5 of the Most Cynical Libertarian Stealth Campaigns of 2015
Libertarians love to exploit news opportunities to promote their agenda. This year provided some choice opportunities to do just that as Silicon Valley and the Koch brothers ran a few stealth campaigns to privatize and deregulate without the general public or distracted liberals from noticing. Here are some of the most cynical:
Koch brothers exploit criminal justice reform to protect corporate criminals.
People within the prison reform movement had long been skeptical of the Koch brothers sudden interest in the topic. With crime at record lows, a sympathetic president in the White House, and Black Lives Matter changing the conversation around our criminal justice system, the time was right to finally pull back many of the harsh “tough-on-crime” laws that were passed in the 90's under Bush and Clinton.
So why the interest from the right-wing titans? Most of the media simply chalked it up to ideology, after all, the Kochs were libertarians and libertarians don’t like drug laws and state incarceration, right? But like with much of what the billionaire brothers do, it wasn’t so simple. Lee Fang and Dan Froomkin over at The Intercept dug a little deeper and revealed the Koch’s ideology wasn’t the only thing animating their support for criminal justice reform. Firstly, they continued to buy ads for and donate to candidates like Louisiana's David Vitter who supported some of the harshest and most racist drug laws in the country while allocating minimal resources to justice reform. As Fang notes:
Out of 38 federal lobbyists employed by Koch, only one is registered to work on criminal justice issues.Most work on projects important to Koch Industries’ bottom line, such as rolling back Environmental Protection Agency rules.
This wasn’t the only indication the Koch’s were simply piggy-backing off the movement to advance their corporate interests:
Koch “Alliance” on Criminal Justice Reform Exposed as Trojan Horse
So, while the Kochs and the liberal groups used similar language in their critique of the criminal justice system, when it came down to actual legislation, the Kochs were focused on reducing criminal prosecutions of corporations, not people.
Koch and the House Republicans turned out to be pushing a bill that critics describe as a “Get Out of Jail Free” card for white-collar criminals.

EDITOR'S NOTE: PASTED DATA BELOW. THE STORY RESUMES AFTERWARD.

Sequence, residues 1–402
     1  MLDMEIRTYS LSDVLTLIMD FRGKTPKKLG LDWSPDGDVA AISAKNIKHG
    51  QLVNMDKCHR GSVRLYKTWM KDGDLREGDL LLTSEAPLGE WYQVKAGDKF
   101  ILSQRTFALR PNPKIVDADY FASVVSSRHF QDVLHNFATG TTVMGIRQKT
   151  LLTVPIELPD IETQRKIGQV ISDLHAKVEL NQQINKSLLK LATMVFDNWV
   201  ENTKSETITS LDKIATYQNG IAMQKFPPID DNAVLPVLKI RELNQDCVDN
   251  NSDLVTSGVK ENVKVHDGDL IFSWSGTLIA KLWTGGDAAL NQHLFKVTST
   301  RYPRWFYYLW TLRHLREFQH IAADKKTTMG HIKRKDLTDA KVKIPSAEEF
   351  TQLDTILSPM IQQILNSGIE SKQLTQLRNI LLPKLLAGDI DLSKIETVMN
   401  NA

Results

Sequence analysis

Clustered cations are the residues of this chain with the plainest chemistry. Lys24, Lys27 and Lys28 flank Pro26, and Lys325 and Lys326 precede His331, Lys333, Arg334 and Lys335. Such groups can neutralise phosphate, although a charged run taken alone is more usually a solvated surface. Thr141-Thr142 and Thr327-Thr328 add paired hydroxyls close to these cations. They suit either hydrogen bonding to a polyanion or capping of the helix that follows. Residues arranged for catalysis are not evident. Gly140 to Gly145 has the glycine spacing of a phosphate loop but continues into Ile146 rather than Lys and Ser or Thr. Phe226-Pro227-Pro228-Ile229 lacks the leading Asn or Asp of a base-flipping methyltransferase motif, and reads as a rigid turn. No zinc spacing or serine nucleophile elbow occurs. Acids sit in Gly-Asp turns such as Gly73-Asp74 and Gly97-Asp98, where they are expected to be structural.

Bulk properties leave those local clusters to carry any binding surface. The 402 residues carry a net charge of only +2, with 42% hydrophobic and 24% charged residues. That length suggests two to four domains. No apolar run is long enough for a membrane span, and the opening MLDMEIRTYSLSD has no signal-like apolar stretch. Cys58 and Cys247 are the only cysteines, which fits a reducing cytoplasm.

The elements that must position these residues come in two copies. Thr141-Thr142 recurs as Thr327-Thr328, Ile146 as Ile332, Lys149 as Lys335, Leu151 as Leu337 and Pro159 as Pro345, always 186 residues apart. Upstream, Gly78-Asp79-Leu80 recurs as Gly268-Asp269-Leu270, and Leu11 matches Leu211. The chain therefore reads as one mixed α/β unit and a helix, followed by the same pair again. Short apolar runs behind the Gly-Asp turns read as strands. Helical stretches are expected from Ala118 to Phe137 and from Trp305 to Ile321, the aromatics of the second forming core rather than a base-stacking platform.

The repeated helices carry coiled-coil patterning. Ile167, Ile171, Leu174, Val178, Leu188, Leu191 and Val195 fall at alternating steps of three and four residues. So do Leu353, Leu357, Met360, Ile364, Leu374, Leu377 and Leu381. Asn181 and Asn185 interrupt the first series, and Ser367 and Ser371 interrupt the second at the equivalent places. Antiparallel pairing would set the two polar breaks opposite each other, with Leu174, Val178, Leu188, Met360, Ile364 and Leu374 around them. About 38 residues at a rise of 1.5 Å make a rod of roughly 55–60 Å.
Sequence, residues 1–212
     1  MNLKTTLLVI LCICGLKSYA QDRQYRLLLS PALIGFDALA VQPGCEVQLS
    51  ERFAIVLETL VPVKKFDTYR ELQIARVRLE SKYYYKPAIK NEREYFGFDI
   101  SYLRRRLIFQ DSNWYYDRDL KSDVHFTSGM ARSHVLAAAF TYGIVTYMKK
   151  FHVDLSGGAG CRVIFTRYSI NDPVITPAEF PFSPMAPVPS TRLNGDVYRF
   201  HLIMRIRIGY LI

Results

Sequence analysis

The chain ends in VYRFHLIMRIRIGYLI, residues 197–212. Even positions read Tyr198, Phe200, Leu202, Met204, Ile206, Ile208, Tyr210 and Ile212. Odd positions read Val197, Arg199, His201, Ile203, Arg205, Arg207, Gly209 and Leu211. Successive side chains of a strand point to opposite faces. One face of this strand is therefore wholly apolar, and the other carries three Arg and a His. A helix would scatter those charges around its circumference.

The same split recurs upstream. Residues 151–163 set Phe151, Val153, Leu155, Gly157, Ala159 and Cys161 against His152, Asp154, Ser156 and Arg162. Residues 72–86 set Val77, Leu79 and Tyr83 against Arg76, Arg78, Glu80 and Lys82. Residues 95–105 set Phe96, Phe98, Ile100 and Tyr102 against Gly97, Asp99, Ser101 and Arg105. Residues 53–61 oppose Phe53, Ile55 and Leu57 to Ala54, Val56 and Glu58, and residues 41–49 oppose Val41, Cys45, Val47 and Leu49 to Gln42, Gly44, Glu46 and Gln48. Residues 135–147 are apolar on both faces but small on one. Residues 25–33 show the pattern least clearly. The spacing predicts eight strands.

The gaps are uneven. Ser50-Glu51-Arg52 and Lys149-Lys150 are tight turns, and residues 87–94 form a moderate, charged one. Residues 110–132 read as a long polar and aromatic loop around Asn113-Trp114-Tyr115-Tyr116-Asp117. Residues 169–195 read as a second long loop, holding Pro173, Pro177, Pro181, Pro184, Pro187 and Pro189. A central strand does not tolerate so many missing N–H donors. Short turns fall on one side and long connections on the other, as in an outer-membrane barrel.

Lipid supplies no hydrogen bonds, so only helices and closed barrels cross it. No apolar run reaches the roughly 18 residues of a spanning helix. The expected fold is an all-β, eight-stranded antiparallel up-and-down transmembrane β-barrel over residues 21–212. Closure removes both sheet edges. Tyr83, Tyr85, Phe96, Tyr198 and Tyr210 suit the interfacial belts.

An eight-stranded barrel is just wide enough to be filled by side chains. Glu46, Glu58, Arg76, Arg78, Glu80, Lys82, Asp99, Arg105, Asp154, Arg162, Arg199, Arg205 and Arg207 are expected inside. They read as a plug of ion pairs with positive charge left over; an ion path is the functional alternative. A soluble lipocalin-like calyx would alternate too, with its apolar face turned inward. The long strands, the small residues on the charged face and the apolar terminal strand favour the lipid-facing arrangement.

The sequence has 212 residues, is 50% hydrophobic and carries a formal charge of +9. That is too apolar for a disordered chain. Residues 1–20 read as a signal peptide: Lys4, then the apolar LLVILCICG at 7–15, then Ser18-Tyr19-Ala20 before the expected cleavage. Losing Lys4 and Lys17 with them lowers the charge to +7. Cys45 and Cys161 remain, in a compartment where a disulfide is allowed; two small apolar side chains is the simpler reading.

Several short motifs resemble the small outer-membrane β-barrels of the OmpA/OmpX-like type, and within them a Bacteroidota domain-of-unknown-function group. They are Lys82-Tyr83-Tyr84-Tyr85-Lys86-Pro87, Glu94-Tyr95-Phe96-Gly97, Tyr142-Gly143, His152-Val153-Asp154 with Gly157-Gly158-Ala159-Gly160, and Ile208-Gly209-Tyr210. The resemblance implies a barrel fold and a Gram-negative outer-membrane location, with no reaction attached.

Members of Washington’s elite media crave stories about bipartisanship, so groups like the pro-Clinton Center for American Progress garnered positive media attention for finding common ground with the Kochs earlier this year.
The real aim for the Kochs' prison reform was to reduce the liability of white collar criminals, not the largely black, Latino and poor constituency of most prisons. As The Huffington Post reported, the bill being lobbied would make it more difficult to fine executives at corporations liable for financial fraud and environmental pollution. Leftist reformers were predictably upset, with Robert Weissman, president of the consumer advocacy group Public Citizen, telling the Huffington Post, "there is absolutely no reason for the otherwise laudable criminal justice reform bill to contain any measure to weaken already feeble standards for corporate criminal prosecution.”
Using Black Lives Matter to push Uber in New York City
Back in July, the head of the decidedly libertarian Silicon Valley goliath Uber, trotted out several members of New York’s black clergy class, including a member of Reverend Al Sharpton’s National Action Network, to sell the anti-regulation car service as good for black communities. The effort, headed up by Uber PR frontman and former Obama speechwriter David Plouffe was a fairly crass exercise in libertarian piggybacking off Black Lives Matter:
There’s a lot of discussion in this city by some leaders about progressive politics, economic equality and economic opportunity,” David Plouffe, Uber’s chief adviser, said. “What they’re doing is killing over 10,000 jobs.”
The press conference, which included one member of the Rev. Al Sharpton’s National Action Network, came one day after Plouffe met with Sharpton, reportedly to enlist Sharpton to oppose the growth cap. Sharpton, a friend and occasional political ally of Mayor Bill de Blasio, "has questions" about the bill’s impact on the city’s minorities, Crain’s reports.
Things took a turn for the worse when Brooklyn-based bishop Gerald Seabrooks, presumably reading off of Uber’s PR script, made the rather vulgar claim that police killings of black men were somehow a result of “lack of jobs”, jobs that Uber could in theory provide. “If [Eric] Garner had a job, today he would be alive,” Seabrooks said. “We’re talking economics here. We’re talking jobs.”
The article reads like a perfect parody of what happens when #BlackLivesMatter becomes #BlackLivesMatter™. The amount of cynicism it takes to parlay Eric Garner’s death into a commercial for a car service with a $50 billion market cap is truly a masterclass in marketing pap. The reality is, job status had nothing to do with Garner or any other African-Americans death at the hands of cops.
The rightwing piggy-backing of prison reform
Since the rise of Black Lives Matter movement in August of last year, the parallel issue of prison reform has also become increasingly popular among pundits and policy-makers. While the prison reform movement has lots of earnest actors who see our prison state as both immoral and unsustainable, Koch-backed initiatives to privatize prisons further have often been overlooked by a left desperate for political and financial support. In their masterful 10-part series, Smoke and Mirrors for Truth Out documenting the way “market-focused” initiatives have overtaken the reform movement, long-time reformers Kay Whitlock and Nancy A. Heitzeg, thoroughly detail the way rightwing ideologues and big investors see dollar signs in overhauling our criminal justice system under the guise of racial justice: